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Dr. Z, drugs and breastfeeding

March 21, 2018

We met with Dr. Z on Monday afternoon. He explained that for him, the PET scan was not to check my breast area – just to check for spread to other areas. He apologized a couple times for not making that clear since it led me to think that I was free of cancer altogether.

His recommendation is to have a mastectomy. I wasn’t surprised since during my last visit he said something along the lines of “if this comes back with more cancer, we will have to consider that your breast is trying to tell you something.” Part of his reasoning for mastectomy vs. another lumpectomy is that as you remove more and more breast tissue, (besides looking bad) you can eventually run into more complex issues like cancer getting to the chest wall. Ugh. He did say that the surgeon might recommend something else, but that is what he thinks personally.

I asked him if he would recommend removing both breasts. He said no, and in many more words (AND while acknowledging that he was being recorded), stated that he doesn’t like how ready many doctors are to remove healthy breasts without adequate risk. His demeanor about this as well as his actual response were very comforting to me since I also feel strongly about unnecessary mastectomies.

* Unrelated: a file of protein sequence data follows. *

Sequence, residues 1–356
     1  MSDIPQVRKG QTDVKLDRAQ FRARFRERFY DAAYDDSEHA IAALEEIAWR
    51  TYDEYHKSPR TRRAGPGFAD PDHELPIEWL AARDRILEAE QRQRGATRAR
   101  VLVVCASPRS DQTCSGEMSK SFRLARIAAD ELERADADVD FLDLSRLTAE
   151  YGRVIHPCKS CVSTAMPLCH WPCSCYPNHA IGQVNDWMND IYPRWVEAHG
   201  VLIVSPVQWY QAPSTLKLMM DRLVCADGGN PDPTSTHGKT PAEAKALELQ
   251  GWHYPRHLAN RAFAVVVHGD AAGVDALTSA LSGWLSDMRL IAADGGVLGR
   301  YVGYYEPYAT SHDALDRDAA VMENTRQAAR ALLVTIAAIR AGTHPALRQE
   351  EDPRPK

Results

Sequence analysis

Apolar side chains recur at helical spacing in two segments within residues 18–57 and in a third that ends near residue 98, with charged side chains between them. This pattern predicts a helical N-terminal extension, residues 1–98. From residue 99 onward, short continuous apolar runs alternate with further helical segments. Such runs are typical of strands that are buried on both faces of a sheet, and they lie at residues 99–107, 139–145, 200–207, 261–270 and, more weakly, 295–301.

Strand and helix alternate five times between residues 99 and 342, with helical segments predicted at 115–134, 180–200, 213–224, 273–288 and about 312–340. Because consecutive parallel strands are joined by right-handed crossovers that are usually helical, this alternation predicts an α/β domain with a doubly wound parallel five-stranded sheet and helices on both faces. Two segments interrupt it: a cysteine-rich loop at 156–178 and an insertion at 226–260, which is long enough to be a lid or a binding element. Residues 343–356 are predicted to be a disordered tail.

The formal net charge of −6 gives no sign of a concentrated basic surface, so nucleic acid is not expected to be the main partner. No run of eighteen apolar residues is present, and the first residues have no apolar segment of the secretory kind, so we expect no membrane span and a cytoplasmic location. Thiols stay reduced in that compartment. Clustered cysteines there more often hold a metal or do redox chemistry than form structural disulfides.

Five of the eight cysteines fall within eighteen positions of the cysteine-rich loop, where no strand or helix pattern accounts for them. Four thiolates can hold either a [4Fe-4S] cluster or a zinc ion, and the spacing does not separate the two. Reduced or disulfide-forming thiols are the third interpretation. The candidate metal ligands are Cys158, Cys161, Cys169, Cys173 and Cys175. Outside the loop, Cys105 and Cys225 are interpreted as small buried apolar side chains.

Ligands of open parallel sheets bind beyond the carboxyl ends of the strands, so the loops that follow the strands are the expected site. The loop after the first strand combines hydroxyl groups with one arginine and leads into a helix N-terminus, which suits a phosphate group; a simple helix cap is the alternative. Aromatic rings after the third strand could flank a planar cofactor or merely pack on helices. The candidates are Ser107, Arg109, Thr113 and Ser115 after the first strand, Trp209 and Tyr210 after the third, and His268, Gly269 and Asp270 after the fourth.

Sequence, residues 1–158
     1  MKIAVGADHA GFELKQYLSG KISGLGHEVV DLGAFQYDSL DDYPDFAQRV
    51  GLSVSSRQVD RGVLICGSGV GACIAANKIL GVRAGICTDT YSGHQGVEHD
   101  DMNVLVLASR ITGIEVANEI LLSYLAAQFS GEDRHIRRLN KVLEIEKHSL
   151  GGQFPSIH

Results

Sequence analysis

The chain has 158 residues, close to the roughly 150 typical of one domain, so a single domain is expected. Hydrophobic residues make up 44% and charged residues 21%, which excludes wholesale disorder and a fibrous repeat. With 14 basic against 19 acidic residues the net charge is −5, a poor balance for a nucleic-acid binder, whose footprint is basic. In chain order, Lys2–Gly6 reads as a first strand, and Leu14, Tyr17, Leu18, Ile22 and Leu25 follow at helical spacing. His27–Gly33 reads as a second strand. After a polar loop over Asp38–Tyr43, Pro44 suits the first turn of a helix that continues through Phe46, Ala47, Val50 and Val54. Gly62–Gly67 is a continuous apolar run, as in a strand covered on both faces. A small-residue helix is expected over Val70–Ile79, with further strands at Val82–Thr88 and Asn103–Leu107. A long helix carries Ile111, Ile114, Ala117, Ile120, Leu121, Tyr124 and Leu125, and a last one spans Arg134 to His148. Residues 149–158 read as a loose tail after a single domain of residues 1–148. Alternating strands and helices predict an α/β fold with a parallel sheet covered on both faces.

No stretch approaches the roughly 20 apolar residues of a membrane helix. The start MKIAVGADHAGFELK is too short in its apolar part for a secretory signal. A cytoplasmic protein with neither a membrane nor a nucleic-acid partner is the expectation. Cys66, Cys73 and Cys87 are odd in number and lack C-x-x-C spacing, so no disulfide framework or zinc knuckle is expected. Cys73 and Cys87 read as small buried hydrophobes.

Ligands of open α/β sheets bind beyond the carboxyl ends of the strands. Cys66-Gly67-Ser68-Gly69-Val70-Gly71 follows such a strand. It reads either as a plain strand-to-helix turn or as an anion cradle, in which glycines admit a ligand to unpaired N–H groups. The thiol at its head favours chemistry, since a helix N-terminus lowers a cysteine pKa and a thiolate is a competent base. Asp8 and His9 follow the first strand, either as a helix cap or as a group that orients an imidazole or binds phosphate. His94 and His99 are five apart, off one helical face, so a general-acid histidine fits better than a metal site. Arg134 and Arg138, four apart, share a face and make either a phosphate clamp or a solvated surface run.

We brought up the issue of the current dynamic we have with my surgeon. Again, his response was just right – immediately recommending a surgeon he knows who is like-minded with him, thinks outside the box, is very kind, etc… He also confirmed what we had been feeling from my surgeon (“my way or the highway.”) It still feels a little weird to be quitting a doctor, but as with all the rest of this, how other people feel should not/can not be a determiner in the choices of care that I make.

I had a list of questions with me, because it’s so easy to forget when you’re in there. We talked about whether I should continue the other hormone stuff I’m doing with Dr. B (natural estrogen blocker, progesterone and testosterone) since I’ll be switching to Tamoxifen. He said for now I should stop so it doesn’t muddy the waters.

Next we talked about Zoloft. (And I’ll give you some related back story). I started taking it in February 2016 when I was diagnosed with postpartum depression. It was hard for me to do, but I’m so glad that I did. That is a story for another day. (And, just so you know, me being able to put that out in so public of a forum is a huge testament to the growth I’ve experienced over the last few years.)

When you stop breastfeeding, there is another huge hormonal shift and some women experience depression. I was hoping to avoid that by continuing to take the medicine until my hormones had stabilized (post pregnancy and breastfeeding.) I thought Elin would wean at a year like the other two had, but she was still breastfeeding last fall (at 2 years 3 months) so I was still on it. After surgery, she still nursed on the left side. It wasn’t until I met Dr. Bergeron that we quit. He told me that the hormones that stimulate milk production are stimulating activity in the breast, which was what we were trying to avoid. He also explained that at that point, battling cancer, I needed to keep all the good stuff my body could produce instead of passing it on to my child.